Designer Jean Paul Gaultier French

Not on view

The figure of a Hellenic statue wearing a draped cloth features both on the front as well as on the backside of this spring/summer 1996 dress by Jean Paul Gaultier. The figure alludes possibly to the Anadyomene, a type of Aphrodite whose naked torso rises up out of the draped folds of a cloth. The trompe l'oeil effect of superimposing a naked body onto a dressed body is both playful and sexually charged, two characteristics of Gaultier's quixotic and postmodern design idiom. Through his design, the living flesh becomes stone and the stone becomes cloth, yet the body underneath retains its freedom of movement.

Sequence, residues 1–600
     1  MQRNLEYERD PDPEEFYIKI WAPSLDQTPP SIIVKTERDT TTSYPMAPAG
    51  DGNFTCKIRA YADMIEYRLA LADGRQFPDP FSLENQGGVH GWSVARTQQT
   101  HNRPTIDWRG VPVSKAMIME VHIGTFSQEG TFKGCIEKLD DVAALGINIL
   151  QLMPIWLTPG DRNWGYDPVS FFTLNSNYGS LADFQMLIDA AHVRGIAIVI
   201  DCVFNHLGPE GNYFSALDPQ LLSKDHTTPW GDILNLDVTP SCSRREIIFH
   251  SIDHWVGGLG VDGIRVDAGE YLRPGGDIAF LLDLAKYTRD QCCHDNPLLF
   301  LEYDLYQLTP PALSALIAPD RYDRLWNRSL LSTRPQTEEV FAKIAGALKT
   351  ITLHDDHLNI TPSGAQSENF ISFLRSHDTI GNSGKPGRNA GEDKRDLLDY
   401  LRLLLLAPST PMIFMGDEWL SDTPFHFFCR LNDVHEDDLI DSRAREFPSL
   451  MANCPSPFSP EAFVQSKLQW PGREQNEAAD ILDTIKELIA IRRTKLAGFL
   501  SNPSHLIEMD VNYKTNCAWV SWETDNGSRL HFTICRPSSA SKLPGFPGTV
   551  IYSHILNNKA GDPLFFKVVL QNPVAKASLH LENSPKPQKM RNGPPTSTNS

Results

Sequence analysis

Gaultier’s use of citations from past civilizations serves his Surrealist, absurd vision which upends questions of taste, gender and values. He stated: “I participate in the total confusion of all values.”

Dress, Jean Paul Gaultier (French, born 1952), silk, French

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